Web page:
Debate over Turkish government move on prep schools grows

A group of ‘dershane’ administrators and students hold a protest in Bakırköy, Istanbul, criticizing a government plan to regulate private prep schools.. CİHAN photo
A group of ‘dershane’ administrators and students hold a protest in Bakırköy, Istanbul, criticizing a government plan to regulate private prep schools.. CİHAN photo


Date posted: November 19, 2013

The debate over the Turkish government’s move to shut down private prep schools is growing with a battle of words between the administration and private education representatives.

Education Minister Nabi Avcı has said the government’s new action on private test prep schools is designed to regulate and transform the institutions rather than close them amid reaction from education circles and Islamic scholar Fethullah Gülen’s followers.

“There is no bill draft to shut down test prep schools [dershane in Turkish]. The articles circulating nowadays are the preparations of the draft bill,” Avcı said Nov. 17, emphasizing that the issue was set to be brought to the Cabinet’s agenda late last night.

Avcı said their plan did not include “reading halls” and their reason for transforming test prep schools was to prevent the right to education from being subjected to “tolls,” refuting a recent daily Zaman report which alleged that the government had finished work on a draft version of a law calling for the closure of all types of dershanes beginning with the 2013-2014 school year and imposing fines on those that continue to operate.

The government initially denied that the draft ever existed, but later admitted that there was a draft, while claiming that the wrong version of the draft appeared in the press.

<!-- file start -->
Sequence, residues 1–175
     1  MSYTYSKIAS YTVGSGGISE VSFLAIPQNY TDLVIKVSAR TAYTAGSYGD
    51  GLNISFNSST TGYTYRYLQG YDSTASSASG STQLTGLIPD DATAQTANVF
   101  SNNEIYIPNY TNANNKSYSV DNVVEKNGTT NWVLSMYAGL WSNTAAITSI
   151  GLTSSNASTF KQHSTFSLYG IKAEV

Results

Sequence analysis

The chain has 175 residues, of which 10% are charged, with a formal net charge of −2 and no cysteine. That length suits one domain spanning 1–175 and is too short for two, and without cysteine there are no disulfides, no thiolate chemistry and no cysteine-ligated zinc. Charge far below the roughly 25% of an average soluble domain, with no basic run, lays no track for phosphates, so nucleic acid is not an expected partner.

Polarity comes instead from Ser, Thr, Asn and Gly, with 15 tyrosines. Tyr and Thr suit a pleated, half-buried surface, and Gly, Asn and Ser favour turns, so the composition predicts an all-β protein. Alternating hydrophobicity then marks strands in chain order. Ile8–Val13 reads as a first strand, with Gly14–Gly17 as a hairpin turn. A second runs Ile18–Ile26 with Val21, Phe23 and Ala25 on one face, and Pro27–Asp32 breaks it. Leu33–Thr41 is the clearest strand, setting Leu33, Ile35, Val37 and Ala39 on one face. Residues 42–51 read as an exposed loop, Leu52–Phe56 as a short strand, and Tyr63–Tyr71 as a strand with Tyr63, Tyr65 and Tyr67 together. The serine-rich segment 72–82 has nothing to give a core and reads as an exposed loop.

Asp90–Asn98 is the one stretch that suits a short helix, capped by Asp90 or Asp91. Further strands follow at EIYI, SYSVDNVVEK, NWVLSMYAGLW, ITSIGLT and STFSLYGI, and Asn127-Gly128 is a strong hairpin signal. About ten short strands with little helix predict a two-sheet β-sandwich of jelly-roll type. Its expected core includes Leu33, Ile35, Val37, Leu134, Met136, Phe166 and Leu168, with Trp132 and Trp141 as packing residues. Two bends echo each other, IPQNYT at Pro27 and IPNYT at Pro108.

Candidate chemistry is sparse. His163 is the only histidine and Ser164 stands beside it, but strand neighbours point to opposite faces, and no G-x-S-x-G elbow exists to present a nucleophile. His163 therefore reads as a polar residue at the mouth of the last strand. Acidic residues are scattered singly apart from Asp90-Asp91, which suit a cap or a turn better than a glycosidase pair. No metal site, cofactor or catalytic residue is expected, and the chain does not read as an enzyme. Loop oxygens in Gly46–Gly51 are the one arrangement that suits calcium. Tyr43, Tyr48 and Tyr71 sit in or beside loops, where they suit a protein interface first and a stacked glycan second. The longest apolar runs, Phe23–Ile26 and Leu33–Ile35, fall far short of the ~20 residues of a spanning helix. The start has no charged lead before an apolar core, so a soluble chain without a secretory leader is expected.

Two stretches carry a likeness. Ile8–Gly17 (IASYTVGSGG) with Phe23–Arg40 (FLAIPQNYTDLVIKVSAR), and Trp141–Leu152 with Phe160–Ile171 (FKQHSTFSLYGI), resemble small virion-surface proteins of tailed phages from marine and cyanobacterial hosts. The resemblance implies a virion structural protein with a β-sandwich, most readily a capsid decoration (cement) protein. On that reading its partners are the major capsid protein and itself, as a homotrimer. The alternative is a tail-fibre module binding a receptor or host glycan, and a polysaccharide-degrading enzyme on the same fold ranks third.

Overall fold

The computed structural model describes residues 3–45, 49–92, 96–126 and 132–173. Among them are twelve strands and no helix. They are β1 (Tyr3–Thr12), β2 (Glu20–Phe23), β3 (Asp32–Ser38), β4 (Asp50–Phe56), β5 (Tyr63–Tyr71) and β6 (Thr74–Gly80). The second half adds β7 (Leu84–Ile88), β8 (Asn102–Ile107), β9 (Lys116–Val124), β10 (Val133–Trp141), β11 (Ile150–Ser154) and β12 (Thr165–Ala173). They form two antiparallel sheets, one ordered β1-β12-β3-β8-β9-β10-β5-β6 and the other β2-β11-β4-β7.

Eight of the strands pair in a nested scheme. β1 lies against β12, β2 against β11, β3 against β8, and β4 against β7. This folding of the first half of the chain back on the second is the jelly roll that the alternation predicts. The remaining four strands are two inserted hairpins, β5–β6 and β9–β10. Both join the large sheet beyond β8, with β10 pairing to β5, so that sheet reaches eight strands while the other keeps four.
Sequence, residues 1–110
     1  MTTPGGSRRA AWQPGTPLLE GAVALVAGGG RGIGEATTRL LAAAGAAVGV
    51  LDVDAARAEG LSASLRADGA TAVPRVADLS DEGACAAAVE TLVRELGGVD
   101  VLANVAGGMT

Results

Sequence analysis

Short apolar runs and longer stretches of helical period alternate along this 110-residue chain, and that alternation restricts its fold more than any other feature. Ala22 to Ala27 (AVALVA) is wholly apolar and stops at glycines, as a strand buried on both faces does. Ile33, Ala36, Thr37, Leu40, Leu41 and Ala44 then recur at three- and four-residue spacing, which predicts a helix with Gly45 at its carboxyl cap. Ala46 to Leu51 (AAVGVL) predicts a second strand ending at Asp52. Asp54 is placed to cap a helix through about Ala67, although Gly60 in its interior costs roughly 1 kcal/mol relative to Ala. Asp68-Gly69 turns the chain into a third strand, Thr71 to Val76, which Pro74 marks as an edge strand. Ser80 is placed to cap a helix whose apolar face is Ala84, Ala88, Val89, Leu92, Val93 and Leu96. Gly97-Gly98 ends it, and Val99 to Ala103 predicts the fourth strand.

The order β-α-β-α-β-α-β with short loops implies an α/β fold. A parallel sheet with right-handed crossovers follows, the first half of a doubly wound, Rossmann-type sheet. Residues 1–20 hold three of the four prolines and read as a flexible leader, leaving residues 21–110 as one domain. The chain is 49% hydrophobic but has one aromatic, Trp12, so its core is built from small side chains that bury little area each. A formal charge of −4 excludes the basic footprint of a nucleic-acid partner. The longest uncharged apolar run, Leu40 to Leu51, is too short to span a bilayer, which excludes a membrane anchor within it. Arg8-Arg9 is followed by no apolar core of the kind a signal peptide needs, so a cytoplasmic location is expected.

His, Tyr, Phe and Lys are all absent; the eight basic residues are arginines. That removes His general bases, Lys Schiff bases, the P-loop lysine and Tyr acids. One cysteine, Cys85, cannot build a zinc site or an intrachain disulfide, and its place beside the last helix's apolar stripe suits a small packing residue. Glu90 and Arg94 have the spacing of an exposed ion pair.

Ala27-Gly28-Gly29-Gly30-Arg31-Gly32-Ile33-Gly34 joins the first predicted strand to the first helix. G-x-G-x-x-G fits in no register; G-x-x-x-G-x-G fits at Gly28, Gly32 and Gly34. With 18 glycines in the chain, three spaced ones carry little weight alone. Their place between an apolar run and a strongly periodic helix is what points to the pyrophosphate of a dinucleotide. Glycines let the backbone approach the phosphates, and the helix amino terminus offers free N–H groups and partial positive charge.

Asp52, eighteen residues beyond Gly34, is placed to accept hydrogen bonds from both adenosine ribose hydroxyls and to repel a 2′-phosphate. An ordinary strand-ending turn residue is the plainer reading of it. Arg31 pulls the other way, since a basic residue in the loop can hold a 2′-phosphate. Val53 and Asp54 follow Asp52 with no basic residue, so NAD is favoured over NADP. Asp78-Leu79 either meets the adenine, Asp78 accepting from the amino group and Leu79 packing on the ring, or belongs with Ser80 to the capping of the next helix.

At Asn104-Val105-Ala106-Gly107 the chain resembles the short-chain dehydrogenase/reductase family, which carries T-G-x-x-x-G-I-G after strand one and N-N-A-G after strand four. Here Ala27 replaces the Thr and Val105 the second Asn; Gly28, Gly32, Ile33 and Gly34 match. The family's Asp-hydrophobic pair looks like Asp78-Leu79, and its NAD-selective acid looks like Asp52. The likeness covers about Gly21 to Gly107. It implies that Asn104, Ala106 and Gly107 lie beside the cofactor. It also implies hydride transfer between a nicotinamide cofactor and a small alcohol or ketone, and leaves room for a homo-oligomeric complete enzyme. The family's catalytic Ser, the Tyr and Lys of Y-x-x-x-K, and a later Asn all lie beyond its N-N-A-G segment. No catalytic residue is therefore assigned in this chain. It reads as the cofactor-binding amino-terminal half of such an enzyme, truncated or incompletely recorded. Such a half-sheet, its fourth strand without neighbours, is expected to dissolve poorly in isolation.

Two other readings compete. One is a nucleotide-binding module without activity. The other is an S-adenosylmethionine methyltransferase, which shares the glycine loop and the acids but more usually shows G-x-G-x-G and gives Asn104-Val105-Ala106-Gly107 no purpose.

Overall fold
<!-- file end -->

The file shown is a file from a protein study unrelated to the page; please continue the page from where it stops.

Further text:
“Rather than shutting prep schools down, transforming them is the real issue. No draft has yet been presented at a Cabinet meeting,” Avcı said. “All of a sudden, [some] act like the education minister is striving against prep schools. This is an old issue. A study was launched with the 10-year-old [Justice and Development Party – AKP] government [to solve the problem],” Avcı said.

Self-exiled Islamic scholar Gülen, on the other hand, asked his followers “to be resolute and not yield to despair,” in a speech posted on herkul.org, a website that broadcasts his speeches.

“The winds of opposition may blow, dispersing people in a sweep in many cases. People with a weak character may emerge and they, motivated by certain interests, may sway from side to side. In the face of what has been happening, it must be a hallmark for a believer to never be shaken, not to give in to despair and not to let himself be squashed,” Gülen said.

Avcı responded to the Gülen movement’s criticism over the debate after the report in Zaman, which is known for its close ties with the Gülen movement.

“I don’t understand why the Gülen movement has reacted so strongly through its various channels. We have explained [the reform] several times. If the prep schools are turned into private preparatory high schools, there won’t be any loss,” Avcı said Nov. 16.

Private Prep Schools Association (ÖZ-DE-BİR) head Faruk Köprülü said the debate over prep schools had caused economic and psychological harm to private institutions.

“The need for prep schools will continue as an exam-based education system continues,” Köprülü was quoted as saying by the state-run Anadolu Agency.

Köprülü said dersanes were institutions that served students in a more economic and systematic way in comparison to private lessons.

Anatolian Industrialists and Businessmen Federation (ANFİSED) head Ahmet Coşkun echoed the comments, drawing attention to the 100,000 employees who work in dersanes that will join the “army of the unemployed” if the government’s plan comes to fruition.

The government act is against the right to private enterprise and a majority of the society is against the ban, he said in Konya, Anadolu Agency reported.

Source: Hurriyet Daily News , November 19, 2013


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